The definition of menopause is the complete cessation of menstruation for more than a year. It occurs when the ovaries no longer ovulate. The average age of menopause is 52 years old. The period preceding menopause is often called perimenopause. It is characterized by a significant fluctuation in hormonal levels and a decrease in the frequency of ovulation, causing irregular periods which can also be heavy and prolonged.
During perimenopause and menopause, hot flashes can make life difficult for women. Up to 80% of women will experience these vasomotor symptoms, and 20% of them will be up to 20 to 30 episodes per day. These hot flashes are sometimes preceded by anxiety or palpitations. These vasomotor symptoms can persist for an average of 7.4 years. The most effective treatment for vasomotor symptoms is hormone replacement therapy. The safest option is Bio-Identical hormone therapy (i.e. molecules with the same chemical composition as the hormones produced endogenously by the ovaries). Women under 60 or within ten years of post-menopause can safely start hormone therapy. Transdermal estrogen (with micronized progesterone before sleep) is preferred for women with a uterus to reduce the risk of venous thromboembolism (clots in the legs, lungs or brain). For women with no uterus, progesterone can be omitted. Contraindications to hormone therapy include a history of thromboembolism, stroke, hormone-dependent cancer (breast, endometrial or ovarian), coronary artery disease, liver disease, undiagnosed abnormal vaginal bleeding, or known or suspected pregnancy.
Starting hormone therapy must be discussed with a healthcare professional and individualized according to your symptoms and their impact on your quality of life.
Perimenopause is a vulnerability to developing depressive symptoms and major depressive episodes, even in women without a history of depression. Therapeutic options for depression at all stages of life remain the first line of treatment with cognitive behavioural therapy and antidepressants. In perimenopausal women, hormone therapy may have similar efficacy to antidepressants.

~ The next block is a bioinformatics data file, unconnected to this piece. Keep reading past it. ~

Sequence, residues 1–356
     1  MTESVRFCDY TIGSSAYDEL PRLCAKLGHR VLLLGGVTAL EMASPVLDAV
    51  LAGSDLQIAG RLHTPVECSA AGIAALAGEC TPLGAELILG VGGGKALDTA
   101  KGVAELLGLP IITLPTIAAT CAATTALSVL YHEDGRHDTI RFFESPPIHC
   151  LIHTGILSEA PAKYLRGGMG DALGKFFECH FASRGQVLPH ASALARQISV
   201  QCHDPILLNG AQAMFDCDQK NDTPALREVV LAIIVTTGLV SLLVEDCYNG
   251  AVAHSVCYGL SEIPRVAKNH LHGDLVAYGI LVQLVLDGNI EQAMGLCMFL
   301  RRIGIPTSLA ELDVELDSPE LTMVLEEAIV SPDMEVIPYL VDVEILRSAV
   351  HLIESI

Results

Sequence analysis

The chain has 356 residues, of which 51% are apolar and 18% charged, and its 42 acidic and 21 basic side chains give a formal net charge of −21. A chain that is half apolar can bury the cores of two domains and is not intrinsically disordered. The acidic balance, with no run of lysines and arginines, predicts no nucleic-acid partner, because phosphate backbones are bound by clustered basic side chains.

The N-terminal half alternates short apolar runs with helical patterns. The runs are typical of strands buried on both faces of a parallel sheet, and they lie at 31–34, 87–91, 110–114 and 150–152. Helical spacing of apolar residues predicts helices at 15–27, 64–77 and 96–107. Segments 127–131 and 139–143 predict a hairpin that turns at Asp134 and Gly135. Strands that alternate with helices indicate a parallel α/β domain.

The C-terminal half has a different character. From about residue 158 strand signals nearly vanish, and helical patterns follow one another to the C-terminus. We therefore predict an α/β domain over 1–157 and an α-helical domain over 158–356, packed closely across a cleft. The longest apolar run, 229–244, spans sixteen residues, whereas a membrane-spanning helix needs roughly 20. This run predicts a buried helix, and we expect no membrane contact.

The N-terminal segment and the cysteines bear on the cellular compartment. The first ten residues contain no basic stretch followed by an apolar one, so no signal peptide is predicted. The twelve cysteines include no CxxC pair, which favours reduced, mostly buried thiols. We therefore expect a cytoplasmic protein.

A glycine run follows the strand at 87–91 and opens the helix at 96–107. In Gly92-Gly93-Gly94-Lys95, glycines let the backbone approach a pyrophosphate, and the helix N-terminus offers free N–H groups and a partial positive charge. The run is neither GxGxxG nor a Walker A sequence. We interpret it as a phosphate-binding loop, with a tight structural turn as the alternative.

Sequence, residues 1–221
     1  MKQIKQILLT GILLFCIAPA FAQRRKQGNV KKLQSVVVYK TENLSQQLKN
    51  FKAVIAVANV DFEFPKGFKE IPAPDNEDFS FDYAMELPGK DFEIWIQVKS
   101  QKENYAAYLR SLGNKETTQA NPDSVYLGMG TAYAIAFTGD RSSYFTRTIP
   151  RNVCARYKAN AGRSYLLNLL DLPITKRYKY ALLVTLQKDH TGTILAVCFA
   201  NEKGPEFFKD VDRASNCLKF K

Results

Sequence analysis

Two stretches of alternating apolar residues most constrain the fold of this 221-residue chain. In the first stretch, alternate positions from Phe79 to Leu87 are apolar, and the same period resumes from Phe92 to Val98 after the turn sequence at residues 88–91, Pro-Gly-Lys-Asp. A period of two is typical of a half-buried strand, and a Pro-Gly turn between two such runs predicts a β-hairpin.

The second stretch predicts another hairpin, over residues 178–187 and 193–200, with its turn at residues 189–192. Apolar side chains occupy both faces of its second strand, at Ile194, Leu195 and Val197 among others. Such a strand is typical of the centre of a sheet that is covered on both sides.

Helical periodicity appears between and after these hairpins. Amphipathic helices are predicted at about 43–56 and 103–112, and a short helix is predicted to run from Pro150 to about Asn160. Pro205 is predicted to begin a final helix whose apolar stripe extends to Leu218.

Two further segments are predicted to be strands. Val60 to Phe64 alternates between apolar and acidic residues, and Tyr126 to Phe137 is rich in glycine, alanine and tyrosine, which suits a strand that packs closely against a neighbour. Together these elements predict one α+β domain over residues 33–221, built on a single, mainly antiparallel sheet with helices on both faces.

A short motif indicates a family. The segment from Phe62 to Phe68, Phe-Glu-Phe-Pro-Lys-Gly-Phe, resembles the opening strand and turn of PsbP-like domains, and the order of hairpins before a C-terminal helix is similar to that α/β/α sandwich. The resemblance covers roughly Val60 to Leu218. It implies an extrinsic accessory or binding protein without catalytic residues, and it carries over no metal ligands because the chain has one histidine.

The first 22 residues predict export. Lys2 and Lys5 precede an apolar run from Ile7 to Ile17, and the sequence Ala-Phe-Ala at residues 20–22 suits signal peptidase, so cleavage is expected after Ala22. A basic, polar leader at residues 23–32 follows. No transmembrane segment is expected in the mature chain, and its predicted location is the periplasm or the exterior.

Sleep disturbances are prevalent during menopause and can be caused by hot flashes or be independent of them. In cases where hot flashes cause sleep disorders, hormone therapy usually solves the problem. Sleep hygiene should be assessed if sleep disorders are separate from hot flashes. We recommend aerobic exercise, exposure to natural light during the day, stopping looking at screens (phones, tablets, etc.) two hours before sleep, and creating a pre-sleep routine. If sleep doesn’t come after 30 minutes, it’s best to get out of bed and do something quiet like reading. The bedroom should be a space for sleep and sex only. Several therapies are effective for sleep disorders, such as eszopiclone, venlafaxine (an antidepressant) and the natural products black cohosh and valerian.
Other common symptoms of menopause include memory problems and difficulty concentrating, joint pain, vaginal dryness, and urogenital and sexual issues.
Vaginal dryness and discomfort during intercourse respond very well to local estrogen therapy at the vaginal level. Local treatment does not entail any risk and has no contraindications. Local estrogens can be given as tablets, cream or a vaginal ring. For women who cannot or do not want to use local estrogens, other options include vaginal laser or radiofrequency treatment.
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